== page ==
Isaiah Crompton is blessed with 25 years in recovery from drug and alcohol addiction. He has achieved certification from the California Association of Drug and Alcohol Counselors (CADAAC) as a CADAAC I and II Drug and Alcohol Counselor, worked for ten years as a forensic addiction counselor for Kern County Mental Health, and founded and served as Executive Director of Isaiah’s Sober Living, which works primarily with parolees, especially individuals who struggle with dual addiction. Mr. Crompton was born to a large African American family in East Bakersfield, CA. Even though both of his parents worked and were strong, church-going business people, he became enamored with the drug culture of his neighborhood. Early drinking and drug use led to selling drugs and being sent to jail a number of times until his early twenties. For the last five years of his addiction, Mr. Crompton was homeless, living in his childhood neighborhood. Finally, he was arrested and sentenced to San Quentin Prison for a three-year term. Upon parole, he completed the program at the Salvation Army Adult Recovery Center of Bakersfield. That program inspired him to prepare professionally and personally to help others seeking recovery, and this service has been the primary focus of his life. Mr. Crompton has been clean and sober for 25 years. He is married with a wonderful family of children and grandchildren who love spending time with him. As a community volunteer, Mr. Crompton worked hard to support Stop the Violence, a Bakersfield based non-profit organization. He is also the founder and CEO of Caught Up, The Intervention Game. Both are focused on helping kids avoid the lures of drugs, violence, bullying and other domestic problems that want to steal away their lives. Mr. Crompton has spent more than 20 years working with men and women whose lives are seriously affected by mental health and substance abuse problems. He is now in a position where he can continue helping people reenter our communities and live productive lives.

7. Shelley Curran

Shelley Curran is the Director of the Criminal Justice Services (CJS) office of the Judicial Council of California. In her capacity as the director of CJS, Ms. Curran leads a team of attorneys, researchers, and analysts to implement the Judicial Council’s priorities related to criminal law and procedure including the implementation of criminal justice realignment, the imposition of criminal and traffic fines and fees, Propositions 36 and 47, adult collaborative courts, the Recidivism Reduction Fund Court Grant Program, evidence based practices, and community supervision. Ms. Curran served on the AB 1050 Executive Steering Committee of the Board of State and Community Corrections to define recidivism and regularly represents the council to state and national stakeholders, the Legislature and Governor’s Administration, and other state and local justice system partners. Prior to joining the Judicial Council in 2009, Ms. Curran served as Principal Consultant to the President pro Tempore of the California State Senate on budget and legislative matters related to adult and juvenile criminal justice, civil rights, and the judiciary. She also spent seven years as a Policy Analyst with Consumers Union where she advocated on behalf of low-income Californians on matters related to credit and finance. Ms. Curran has a B.A. from Indiana University, Bloomington and a M.A. in policy analysis from the University of Wisconsin, Madison.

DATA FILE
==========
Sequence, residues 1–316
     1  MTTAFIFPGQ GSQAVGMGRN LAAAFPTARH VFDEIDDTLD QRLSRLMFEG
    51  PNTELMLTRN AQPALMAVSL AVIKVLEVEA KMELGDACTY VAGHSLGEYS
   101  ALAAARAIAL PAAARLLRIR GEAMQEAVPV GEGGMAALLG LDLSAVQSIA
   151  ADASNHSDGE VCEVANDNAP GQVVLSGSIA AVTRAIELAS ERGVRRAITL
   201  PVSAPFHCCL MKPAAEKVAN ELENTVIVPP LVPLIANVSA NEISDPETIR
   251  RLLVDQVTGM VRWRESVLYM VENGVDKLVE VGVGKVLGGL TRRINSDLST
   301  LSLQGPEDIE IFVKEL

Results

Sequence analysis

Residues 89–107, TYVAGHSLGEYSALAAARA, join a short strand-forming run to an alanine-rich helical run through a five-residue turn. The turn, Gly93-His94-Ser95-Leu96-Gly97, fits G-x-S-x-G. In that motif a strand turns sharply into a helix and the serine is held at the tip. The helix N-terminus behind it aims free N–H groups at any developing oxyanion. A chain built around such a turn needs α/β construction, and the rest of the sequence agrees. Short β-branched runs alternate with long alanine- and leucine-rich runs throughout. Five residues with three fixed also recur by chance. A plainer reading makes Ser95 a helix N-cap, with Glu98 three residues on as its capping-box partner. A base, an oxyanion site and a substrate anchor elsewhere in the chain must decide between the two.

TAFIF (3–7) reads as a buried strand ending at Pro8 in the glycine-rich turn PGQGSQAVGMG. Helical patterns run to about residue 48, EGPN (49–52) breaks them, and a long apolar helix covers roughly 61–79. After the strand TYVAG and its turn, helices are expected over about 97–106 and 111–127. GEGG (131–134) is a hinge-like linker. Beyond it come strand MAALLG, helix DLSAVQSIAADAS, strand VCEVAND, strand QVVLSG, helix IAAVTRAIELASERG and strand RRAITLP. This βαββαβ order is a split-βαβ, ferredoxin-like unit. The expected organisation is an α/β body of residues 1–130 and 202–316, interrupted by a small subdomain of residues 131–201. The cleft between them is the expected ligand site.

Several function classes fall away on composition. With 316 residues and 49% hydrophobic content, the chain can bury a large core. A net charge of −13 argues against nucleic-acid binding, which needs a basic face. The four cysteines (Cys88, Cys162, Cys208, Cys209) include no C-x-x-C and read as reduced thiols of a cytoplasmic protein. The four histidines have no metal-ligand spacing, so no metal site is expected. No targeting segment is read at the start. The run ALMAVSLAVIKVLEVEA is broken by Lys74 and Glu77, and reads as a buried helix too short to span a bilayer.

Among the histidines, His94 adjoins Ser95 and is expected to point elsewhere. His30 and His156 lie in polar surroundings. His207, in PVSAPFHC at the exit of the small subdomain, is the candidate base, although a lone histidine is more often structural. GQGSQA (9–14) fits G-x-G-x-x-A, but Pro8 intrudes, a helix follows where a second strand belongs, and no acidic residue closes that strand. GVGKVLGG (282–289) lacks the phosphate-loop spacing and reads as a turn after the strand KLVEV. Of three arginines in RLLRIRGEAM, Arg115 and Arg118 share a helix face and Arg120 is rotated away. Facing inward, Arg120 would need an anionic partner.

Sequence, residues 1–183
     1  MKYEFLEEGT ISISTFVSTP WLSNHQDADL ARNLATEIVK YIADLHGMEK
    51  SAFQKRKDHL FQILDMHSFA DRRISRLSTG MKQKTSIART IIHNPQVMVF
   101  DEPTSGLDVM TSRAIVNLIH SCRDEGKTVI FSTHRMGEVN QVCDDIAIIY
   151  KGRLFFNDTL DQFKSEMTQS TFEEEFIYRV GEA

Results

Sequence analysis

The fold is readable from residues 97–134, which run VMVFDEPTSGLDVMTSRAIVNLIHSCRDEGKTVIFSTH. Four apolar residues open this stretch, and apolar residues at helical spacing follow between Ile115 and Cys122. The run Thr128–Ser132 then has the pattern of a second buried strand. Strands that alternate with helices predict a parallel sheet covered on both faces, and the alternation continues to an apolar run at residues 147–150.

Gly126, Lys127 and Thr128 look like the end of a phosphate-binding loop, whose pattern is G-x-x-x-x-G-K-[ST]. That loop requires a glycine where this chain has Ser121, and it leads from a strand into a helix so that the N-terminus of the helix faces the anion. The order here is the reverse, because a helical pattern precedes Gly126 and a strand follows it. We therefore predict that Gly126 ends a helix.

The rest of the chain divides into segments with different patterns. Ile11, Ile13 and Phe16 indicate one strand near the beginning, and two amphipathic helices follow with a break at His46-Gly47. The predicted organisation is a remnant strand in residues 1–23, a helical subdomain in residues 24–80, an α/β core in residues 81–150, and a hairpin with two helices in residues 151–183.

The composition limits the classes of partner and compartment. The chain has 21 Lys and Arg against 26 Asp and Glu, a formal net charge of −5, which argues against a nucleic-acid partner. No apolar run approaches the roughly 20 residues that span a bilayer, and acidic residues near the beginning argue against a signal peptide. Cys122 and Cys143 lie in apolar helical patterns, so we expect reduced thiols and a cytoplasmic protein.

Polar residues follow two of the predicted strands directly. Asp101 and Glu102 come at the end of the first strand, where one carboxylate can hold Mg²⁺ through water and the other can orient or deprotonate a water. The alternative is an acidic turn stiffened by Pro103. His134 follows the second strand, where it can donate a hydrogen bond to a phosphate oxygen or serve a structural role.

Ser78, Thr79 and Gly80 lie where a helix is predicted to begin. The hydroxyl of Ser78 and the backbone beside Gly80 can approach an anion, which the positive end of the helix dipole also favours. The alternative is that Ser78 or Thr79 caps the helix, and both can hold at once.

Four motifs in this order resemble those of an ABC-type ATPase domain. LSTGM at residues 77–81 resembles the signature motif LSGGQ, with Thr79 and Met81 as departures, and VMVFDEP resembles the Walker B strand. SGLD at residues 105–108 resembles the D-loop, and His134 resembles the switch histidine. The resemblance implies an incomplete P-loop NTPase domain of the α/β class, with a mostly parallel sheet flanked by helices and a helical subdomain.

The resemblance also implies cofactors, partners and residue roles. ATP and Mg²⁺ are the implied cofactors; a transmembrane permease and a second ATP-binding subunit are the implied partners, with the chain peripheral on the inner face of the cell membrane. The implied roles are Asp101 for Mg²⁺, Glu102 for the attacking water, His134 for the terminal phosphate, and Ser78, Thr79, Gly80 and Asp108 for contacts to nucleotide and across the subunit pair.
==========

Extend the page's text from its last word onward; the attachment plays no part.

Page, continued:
8. Hon. George Eskin

Judge George Eskin (Ret.) was born in Baltimore, Maryland. He is a 1965 graduate of the UCLA School of Law and worked for five years in the Ventura County District Attorney’s Office as a trial prosecutor and later as the Assistant District Attorney. Following four years in the private practice of law, Judge Eskin was appointed Assistant District Attorney in Santa Barbara County in 1975 and one year later, he became Chief Assistant to Los Angeles City Attorney Burt Pines and guided the establishment of an innovative program for the prosecution of domestic violence cases. In February 1981, he resumed the private practice of law in Ventura and Santa Barbara, emphasizing the defense of criminal cases. Certified as a specialist in criminal law by the State Bar of California Board of Legal Specialization for 25 years, Judge Eskin was honored by the Ventura County Criminal Defense Bar Association in 1990 for his “outstanding contributions” to the criminal justice system, and in 1997, the Criminal Defense Bar Association of Santa Barbara presented him with its Lifetime Achievement Award. He is also a recipient of the 2002 Ventura County District Attorney Woodruff J. Deem Medal of Justice. Judge Eskin was a member of the California Commission on Personal Privacy, the California Judicial Nominees Evaluation (JNE) Commission and the Santa Barbara County Human Services Commission. He is the recipient of the Anti-Defamation League’s 2005 Distinguished Community Service Award. Judge Eskin has been an active contributor to the California High School Mock Trial competition for more than 30 years as a coach, consultant, scorer and presiding judge. Prior to his appointment to the Superior Court by Governor Gray Davis in August 2003, he served as a volunteer judge in Santa Barbara’s Teen Court program. During his tenure on the bench, Judge Eskin’s primary assignment was a criminal trial department, where he established a special Military Veterans Treatment Court Calendar. He was appointed by the Chief Justice of the Supreme Court to serve four years on the Criminal Law Advisory Committee to the Judicial Council. Santa Barbara Women Lawyers Foundation honored him as its 2012 Founding Father, and he received the 2013 John T. Rickard Judicial Service Award by the Santa Barbara County Bar Association. He retired from the bench in October 2013 and served in the Assigned Judges Program until August 15, 2015.